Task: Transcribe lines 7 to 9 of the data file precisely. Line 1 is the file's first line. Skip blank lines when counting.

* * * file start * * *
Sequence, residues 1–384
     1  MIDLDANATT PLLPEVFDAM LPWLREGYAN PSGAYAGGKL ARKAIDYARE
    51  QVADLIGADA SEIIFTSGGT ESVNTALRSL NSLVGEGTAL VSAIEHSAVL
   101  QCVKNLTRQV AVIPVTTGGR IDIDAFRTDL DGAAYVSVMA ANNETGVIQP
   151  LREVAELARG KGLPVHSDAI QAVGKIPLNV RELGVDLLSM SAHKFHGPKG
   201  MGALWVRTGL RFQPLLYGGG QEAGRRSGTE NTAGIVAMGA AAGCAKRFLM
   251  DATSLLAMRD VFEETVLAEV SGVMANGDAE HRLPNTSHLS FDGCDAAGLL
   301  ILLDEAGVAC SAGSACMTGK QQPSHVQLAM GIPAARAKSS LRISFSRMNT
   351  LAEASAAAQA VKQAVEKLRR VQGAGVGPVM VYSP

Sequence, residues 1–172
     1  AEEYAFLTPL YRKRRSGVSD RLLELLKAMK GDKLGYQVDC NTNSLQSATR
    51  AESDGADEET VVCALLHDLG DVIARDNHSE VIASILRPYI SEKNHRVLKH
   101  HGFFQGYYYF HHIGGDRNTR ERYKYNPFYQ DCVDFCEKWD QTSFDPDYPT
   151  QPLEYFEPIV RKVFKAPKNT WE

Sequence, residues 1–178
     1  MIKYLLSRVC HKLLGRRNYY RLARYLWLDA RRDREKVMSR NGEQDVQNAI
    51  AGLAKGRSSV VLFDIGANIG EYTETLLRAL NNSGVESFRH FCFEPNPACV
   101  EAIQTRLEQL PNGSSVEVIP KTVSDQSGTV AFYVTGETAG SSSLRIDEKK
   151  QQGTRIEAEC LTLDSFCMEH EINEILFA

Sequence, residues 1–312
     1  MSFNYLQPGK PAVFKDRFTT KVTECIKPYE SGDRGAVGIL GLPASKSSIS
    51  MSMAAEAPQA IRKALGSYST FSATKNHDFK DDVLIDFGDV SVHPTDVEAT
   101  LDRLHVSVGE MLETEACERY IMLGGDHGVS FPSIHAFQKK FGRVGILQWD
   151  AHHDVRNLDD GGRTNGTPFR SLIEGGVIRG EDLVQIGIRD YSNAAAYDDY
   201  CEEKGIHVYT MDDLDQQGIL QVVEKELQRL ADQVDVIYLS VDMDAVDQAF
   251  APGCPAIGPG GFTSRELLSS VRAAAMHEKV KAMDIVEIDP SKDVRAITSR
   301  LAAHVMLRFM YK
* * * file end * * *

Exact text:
   251  DATSLLAMRD VFEETVLAEV SGVMANGDAE HRLPNTSHLS FDGCDAAGLL
   301  ILLDEAGVAC SAGSACMTGK QQPSHVQLAM GIPAARAKSS LRISFSRMNT
   351  LAEASAAAQA VKQAVEKLRR VQGAGVGPVM VYSP